We all love Android because of its power and flexibility. Unfortunately, the flexibility aspect of Google’s mobile operating system has been contorted and misused, giving phone and tablet owners a user experience that’s bloated and unintuitive.
If we turn the clock back a few years to when Android was still learning to crawl, HTC introduced the HTC Hero to the world. Compared to the HTC Dream and Magician, the Hero was a work of art. The phone’s Teflon-coated metal body picked up a handful of design awards for HTC, but the true selling point for the phone was HTC Sense – the world’s first Android skin. When Sense was introduced, it delivered dozens of new features which were not yet available in Android. HTC pulled the Android experience into the modern era, just as it had done with TouchFlo and Sense on Windows Mobile.
Since then, all major manufacturers have opted for their own custom UI’s on top of Android, allowing them to offer unique software experiences intended to enhance the user experience. But things have gotten a little out of hand. All the enhancements that were packed on top of Android started getting in the way, causing more frustration than delight. HTC, Samsung, Sony and LG were adding features simply to out-feature each other rather than add meaningful functionality for those who had to live with these devices on a day-to-day basis.
HTC noticed the error of its ways and started toning things back when the company released Sense 4 with the HTC One X and has continued in the right direction with every update to its software since then. HTC Sense 5 was a complete redesign which introduced us to BlinkFeed, Zoes and Video Highlights. The new software was praised for being lighter and more intuitive than previous versions, but HTC decided to take things a step further with Sense 6.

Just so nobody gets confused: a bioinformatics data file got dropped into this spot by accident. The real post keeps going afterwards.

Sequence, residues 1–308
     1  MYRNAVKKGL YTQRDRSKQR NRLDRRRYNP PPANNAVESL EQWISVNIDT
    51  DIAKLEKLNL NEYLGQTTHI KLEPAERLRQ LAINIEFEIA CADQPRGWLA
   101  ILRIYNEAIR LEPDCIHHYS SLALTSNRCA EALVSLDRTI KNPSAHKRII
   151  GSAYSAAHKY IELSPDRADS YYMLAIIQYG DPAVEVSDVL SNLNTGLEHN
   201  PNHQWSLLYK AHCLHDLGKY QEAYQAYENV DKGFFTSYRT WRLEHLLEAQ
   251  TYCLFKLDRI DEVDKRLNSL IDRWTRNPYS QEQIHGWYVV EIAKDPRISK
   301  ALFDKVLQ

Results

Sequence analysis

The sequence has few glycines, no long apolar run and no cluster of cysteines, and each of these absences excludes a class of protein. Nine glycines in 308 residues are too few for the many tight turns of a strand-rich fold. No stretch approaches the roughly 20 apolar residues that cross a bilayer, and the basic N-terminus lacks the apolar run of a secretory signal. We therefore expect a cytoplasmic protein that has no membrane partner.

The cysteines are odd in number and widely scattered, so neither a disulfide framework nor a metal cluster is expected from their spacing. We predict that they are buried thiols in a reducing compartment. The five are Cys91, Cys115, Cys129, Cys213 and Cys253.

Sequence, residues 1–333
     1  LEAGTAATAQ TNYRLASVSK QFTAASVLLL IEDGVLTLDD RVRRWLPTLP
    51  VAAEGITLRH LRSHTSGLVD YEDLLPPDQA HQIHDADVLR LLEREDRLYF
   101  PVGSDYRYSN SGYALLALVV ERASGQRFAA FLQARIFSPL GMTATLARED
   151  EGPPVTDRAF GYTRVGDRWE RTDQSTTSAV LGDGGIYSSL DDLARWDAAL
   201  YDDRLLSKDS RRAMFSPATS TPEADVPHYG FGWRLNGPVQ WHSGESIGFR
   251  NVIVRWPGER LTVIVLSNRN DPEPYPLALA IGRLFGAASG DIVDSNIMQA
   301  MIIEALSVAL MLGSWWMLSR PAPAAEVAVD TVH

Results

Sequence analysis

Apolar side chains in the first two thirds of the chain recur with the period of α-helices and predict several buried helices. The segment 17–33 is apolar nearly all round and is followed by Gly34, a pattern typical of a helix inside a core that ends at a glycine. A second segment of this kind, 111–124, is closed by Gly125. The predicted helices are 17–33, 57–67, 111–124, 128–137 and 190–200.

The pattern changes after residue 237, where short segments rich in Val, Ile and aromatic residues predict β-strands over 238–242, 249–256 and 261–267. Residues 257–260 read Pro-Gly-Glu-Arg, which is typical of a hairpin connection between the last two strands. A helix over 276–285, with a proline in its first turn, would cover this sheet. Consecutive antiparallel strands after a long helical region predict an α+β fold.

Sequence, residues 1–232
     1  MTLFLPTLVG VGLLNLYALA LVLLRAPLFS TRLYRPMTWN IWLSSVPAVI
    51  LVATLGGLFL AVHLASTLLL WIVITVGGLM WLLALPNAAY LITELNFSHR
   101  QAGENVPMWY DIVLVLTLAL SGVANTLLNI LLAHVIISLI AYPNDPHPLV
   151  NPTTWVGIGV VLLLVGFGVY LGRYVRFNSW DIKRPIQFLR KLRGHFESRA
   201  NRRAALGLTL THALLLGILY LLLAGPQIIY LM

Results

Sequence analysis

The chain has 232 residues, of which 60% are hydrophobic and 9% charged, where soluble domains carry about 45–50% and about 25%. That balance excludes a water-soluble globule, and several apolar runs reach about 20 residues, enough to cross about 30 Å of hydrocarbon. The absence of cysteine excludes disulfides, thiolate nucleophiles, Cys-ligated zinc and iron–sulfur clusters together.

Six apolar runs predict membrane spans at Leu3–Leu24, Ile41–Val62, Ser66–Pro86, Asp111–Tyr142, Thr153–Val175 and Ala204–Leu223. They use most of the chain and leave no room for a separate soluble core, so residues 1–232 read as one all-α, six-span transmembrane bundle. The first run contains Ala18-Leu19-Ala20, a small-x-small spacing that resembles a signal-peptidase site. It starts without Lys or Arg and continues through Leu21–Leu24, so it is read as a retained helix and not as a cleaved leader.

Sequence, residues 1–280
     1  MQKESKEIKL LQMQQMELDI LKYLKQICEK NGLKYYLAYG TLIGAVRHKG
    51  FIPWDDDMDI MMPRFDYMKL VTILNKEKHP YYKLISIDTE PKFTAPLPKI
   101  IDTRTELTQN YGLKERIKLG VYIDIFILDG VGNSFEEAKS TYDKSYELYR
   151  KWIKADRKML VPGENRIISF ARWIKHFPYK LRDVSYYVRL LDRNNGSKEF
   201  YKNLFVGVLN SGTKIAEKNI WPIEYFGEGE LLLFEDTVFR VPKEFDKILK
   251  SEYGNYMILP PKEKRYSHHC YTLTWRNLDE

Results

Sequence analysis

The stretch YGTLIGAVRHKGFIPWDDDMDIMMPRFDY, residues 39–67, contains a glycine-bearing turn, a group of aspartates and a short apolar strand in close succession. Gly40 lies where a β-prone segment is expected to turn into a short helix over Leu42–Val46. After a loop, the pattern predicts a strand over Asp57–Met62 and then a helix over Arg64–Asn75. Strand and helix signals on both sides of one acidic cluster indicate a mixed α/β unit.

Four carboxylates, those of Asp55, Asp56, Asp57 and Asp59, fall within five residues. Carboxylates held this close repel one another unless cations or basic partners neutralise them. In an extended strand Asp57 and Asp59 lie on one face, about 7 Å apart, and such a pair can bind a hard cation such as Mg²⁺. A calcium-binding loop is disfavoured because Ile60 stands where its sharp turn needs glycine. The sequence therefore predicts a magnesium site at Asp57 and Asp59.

A splash of color
Fondly referenced as “the Sixth Sense” during the HTC One (M8) launch event in New York, the latest version of HTC’s Android build carries over the basic feel of Sense 5. HTC’s kept the same icons from last year and BlinkFeed is still just a swipe away from your home screen. But don’t let the familiarity of the main UI elements fool you; Sense 6 is a lot more refined than you might expect. HTC has ditched the dark gradients it has used in the past in favor of vibrant colors throughout its apps, making them feel fresh and playful. The color actually extends into the notification bar at the top of the screen, giving the impression that HTC’s apps are “one with the phone.” Having so much color scattered across Sense is a little off-putting at first, but you really come to enjoy it once you switch back to the 2013 HTC One with Sense 5.5 or even the Samsung Galaxy Note 3 with the latest version of TouchWiz.
With the latest version of Sense, HTC now gives a handful of new ways to personalize your phone. You have the usual wallpaper and lock screen customizations, but Sense 6 gives you the ability to select between four themes (green, orange, purple and dark gray) which change the app and accent colors through the phone. If you want more of the traditional HTC Sense feel, the dark gray theme is sure to please you. Those looking for just a bit more personalization will be happy to learn that HTC Sense 6 now allows you to choose between Helvetica, LCD or the default Sense font – a feature which have been available on Samsung and LG phones for quite some time.